About the Artists


François Boucher (French, 1703-1770), The Painter in his Atelier, 1725-1730. Oil on wood, 10 5/8 x 8 2/3 in. Musée du Louvre, Paris, MI 1024.

This small painting by Francois Boucher illustrates the key preparatory role drawing served in the invention and execution of paintings. Palette in hand, the young artist looks to his ruffled portfolio of sketches to source motifs for his canvas. While not a self-portrait, this genre scene transmits details of the artist’s practice: Boucher produced similar drawings on blue paper, such as the BnF’s Capriccio View of the Campo Vaccino, which is closely related to an imaginary landscape he later painted. This and other sheets exhibited in Promenades on Paper reveal the myriad ends to which artists put the medium of drawing. Painters such as Jean-Honoré Fragonard, Hubert Robert, and Anne-Louis Girodet documented the monuments and great works of art they saw on their Italian sojourns, while draftsmen such as Gabriel de Saint-Aubin depicted the events and interactions that comprised the fabric of Parisian life. Other artists specialized in recording natural specimens, a domain in which professionals such as Madeleine Françoise Basseporte excelled. Artists put their drawings to work in studios, translated them into print, and sold them to curious collectors. 



Jean-Jacques Lequeu (French, 1757-1826), Jean-Jacques Lequeu, Engineer and Architect, 1792. Pen and black ink, brush and gray wash, 17 2/3 x 12 1/8 cm. Bibliothèque nationale de France, RÉSERVE HA-8 (1) 

One of the great strengths of the BnF’s drawing collection is its trove of drawings by some of the most imaginative architects of the eighteenth century. In 1793, architect Étienne-Louis Boullée donated over a hundred of his visionary drawings, inspiring Jean-Francois Bélanger and Jean-Jacques Lequeu to follow suit in 1818 and 1825, respectively. In 1811, the descendants of royal architect and administrator Robert de Cotte donated the thousands of drawings he had amassed in relation to royal commissions, including proposals by the likes of Gilles-Marie Oppenord. The Fontanieu album, acquired for the library by Louis XV in 1766, contains numerous drawn designs for furniture and textiles by artisans and by architectural painters such as Jacques de Lajoüe.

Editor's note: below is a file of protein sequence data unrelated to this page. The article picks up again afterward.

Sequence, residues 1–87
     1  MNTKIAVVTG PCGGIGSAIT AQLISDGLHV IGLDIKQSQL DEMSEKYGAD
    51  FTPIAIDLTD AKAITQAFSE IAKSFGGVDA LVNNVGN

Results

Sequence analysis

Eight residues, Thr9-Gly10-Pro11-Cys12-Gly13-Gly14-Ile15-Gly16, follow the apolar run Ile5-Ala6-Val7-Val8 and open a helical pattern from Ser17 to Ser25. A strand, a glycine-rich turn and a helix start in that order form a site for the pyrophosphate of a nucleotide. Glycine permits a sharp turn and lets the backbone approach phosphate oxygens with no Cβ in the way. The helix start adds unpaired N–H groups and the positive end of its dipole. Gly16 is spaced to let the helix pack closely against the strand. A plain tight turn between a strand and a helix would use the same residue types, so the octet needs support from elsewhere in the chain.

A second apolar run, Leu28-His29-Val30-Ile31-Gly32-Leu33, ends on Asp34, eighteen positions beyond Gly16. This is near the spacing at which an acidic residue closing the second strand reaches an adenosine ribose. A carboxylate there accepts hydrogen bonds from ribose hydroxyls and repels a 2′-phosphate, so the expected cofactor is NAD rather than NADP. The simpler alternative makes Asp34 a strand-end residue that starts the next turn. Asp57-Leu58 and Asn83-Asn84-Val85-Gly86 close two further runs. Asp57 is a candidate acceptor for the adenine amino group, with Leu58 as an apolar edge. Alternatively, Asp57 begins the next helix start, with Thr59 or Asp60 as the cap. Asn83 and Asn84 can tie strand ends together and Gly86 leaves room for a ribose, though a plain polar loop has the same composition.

François-Hubert Drouais (French, 1727-1775), Marie-Clotilde-Xavière de France, Queen of Sardigna, called Madame Clotilde, 1775. Oil on canvas, 32 7/8 x 26 3/8 in. Château de Versailles, ©RMN-GP (Château de Versailles)/© Daniel Arnaudet

The eighteenth century saw the efflorescence of amateurs: people who collected and produced art for their own pleasure and edification. As stewards and patrons of artistic institutions in France, royal children received drawing instruction. This exhibition features drawings that Louis XV, Louis XVIII, and Clotilde de France created in their youth. In this period, the Royal Academy of Painting and Sculpture began to admit honorary members, such as Claude-Henri Watelet, who was himself a prolific draftsman and etcher. Artists including Fragonard and Robert relied upon the patronage of the art lover and abbot Jean-Claude Richard de Saint-Non, who both sponsored their Italian voyages and translated many of their drawings into print. Drawing was a vital social currency in eighteenth-century France.